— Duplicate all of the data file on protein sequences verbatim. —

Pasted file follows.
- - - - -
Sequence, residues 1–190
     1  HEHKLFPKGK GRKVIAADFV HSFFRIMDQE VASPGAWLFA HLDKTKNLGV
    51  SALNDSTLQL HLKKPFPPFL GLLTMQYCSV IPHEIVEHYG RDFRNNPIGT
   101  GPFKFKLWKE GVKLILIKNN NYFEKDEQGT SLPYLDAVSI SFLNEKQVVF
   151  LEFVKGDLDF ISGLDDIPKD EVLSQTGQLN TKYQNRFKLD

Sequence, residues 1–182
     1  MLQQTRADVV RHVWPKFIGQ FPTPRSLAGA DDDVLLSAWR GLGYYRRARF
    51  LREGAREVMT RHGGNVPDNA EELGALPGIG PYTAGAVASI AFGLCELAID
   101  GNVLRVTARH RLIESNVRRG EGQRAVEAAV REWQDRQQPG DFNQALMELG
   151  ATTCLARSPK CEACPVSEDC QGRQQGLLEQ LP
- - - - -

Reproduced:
Sequence, residues 1–190
     1  HEHKLFPKGK GRKVIAADFV HSFFRIMDQE VASPGAWLFA HLDKTKNLGV
    51  SALNDSTLQL HLKKPFPPFL GLLTMQYCSV IPHEIVEHYG RDFRNNPIGT
   101  GPFKFKLWKE GVKLILIKNN NYFEKDEQGT SLPYLDAVSI SFLNEKQVVF
   151  LEFVKGDLDF ISGLDDIPKD EVLSQTGQLN TKYQNRFKLD

Sequence, residues 1–182
     1  MLQQTRADVV RHVWPKFIGQ FPTPRSLAGA DDDVLLSAWR GLGYYRRARF
    51  LREGAREVMT RHGGNVPDNA EELGALPGIG PYTAGAVASI AFGLCELAID
   101  GNVLRVTARH RLIESNVRRG EGQRAVEAAV REWQDRQQPG DFNQALMELG
   151  ATTCLARSPK CEACPVSEDC QGRQQGLLEQ LP